Happy Friday! You made it through what feels like the 8,000th week of January. If you’ve been too slammed sticking to (or abandoning) your well-intentioned New Year’s resolutions in the run-up to February 1, don’t sweat it.
We’ve rounded up the biggest economic and business news stories of the week to keep you up to date – and give you something to read over that weekend cup of coffee.
Keep readinglist of 4 items
The crazy high price that electronic retailer GameStop’s stock hit this week. Last week, the price per share was literally a tenth of that — $42.59 — and the brick-and-mortar video games store was struggling through the pandemic like the rest of the retail sector.
But in a bizarre turn of events, GameStop’s stock has become ground zero in an epic battle between professional Wall Street hedge funds that had bet its price would go down, and upstart, Reddit-fuelled day trader bros who drove up the value of GameStop’s shares, burning the pros big time.
The GameStop turmoil is now also likely to be the subject of US lawmakers’ scrutiny after Robinhood and other trading platforms on Thursday placed restrictions that stopped small retail investors from buying shares of the video-game retailer- a move that United States Democratic Congresswoman Alexandria Ocasio-Cortez called “unacceptable”.
(Psst … if you’re thinking Robinhood belongs in Sherwood Forest and have no idea what’s going on, we’ve got you covered here.)
Less than 50 percent
There’s no doubt Americans are divided when it comes to politics. But they’re also increasingly polarised when it comes to where they get their news. A 2020 study by the Pew Research Center asked Republicans and Democrats about their trust or distrust in 30 different news sources including TV channels, newspapers, websites and talk radio shows.
The Democrats who were polled said they trusted 22 of the 30 news sources, while Republicans distrusted more than 20 of those same news sources. Tellingly, “none of the 30 sources is trusted by more than 50 percent of all US adults”, researchers found.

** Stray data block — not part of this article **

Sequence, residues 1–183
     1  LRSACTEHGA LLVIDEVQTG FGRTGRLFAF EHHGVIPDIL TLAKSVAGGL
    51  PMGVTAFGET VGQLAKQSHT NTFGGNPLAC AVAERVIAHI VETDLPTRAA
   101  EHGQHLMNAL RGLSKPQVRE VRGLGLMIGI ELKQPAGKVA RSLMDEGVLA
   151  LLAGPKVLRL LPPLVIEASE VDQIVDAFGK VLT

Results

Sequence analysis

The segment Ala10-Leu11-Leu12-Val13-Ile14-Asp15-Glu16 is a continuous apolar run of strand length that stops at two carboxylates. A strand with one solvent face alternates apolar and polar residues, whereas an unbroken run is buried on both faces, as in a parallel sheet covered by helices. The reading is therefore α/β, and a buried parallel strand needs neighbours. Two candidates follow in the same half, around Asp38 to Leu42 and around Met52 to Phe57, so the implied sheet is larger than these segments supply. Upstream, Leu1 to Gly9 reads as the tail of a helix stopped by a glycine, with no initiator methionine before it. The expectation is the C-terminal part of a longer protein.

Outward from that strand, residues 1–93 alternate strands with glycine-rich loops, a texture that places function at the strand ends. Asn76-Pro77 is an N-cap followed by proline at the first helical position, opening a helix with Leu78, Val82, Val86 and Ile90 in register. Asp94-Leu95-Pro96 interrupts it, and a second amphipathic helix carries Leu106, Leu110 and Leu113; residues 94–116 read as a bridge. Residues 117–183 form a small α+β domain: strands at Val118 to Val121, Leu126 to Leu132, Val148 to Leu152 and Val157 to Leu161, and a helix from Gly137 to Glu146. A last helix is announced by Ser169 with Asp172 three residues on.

US President Joe Biden has promised to bring healing and unity to the country’s fractured partisan landscape. He’s already demonstrated he won’t be the middle-of-the-night tweeter his predecessor was, and his announcements so far have been more policy heavy than scandal heavy.
So what will his administration mean for the media outlets that profit from political news — and is there any hope of bridging the US’s media divide? Check out our deep dive here.
The number of people who weighed in on a cutting-edge United Nations survey about climate change — while they were playing Angry Birds. No, seriously. UN researchers used ads in mobile gaming apps to get 1.2 million people to share their views on climate change in 17 languages.
The People’s Climate Vote revealed that a whopping 64 percent of people believe that climate change is an “emergency” and must be addressed urgently, but just 10 percent believe world leaders are doing enough. Ahem, heads of state who are reading this — take note.
Three major European banks seem to be doing just that. BNP Paribas, Credit Suisse and ING announced they were halting the financing of the trade of oil from the Amazon region of Ecuador after pressure from environmental groups Amazon Watch and Stand.earth.
The banks’ decisions come several months after a critical report published last August by those two groups exposed how a handful of European financial institutions have provided $10bn in financing for over 155 million barrels of oil exported from South America to the US.
In total, that fuel has produced an estimated 66 million metric tonnes of carbon dioxide, equivalent to the annual emissions from 17 coal-fired power plants. It’s also put the Indigenous communities and wildlife that call the Amazon home at major risk.
If Earth as a whole has got you down, why not blast off into outer space? It will cost you a cool $55m, but you just might be able to make the trek.
Axiom Space announced the lineup for its first private space crew this week. The team will be led by former NASA astronaut Michael Lopez-Alegria and include an American real estate and tech entrepreneur, a Canadian financier and an Israeli businessman. All three men will shell out $55m each to venture to the International Space Station aboard a SpaceX rocket next year.
While Lopez-Alegria is a veteran space traveller, “the other three guys are just people who want to be able to go to space, and we’re providing that opportunity,” Axiom’s chief executive and president Mike Suffredini told The Associated Press.
Take lots of pictures, guys!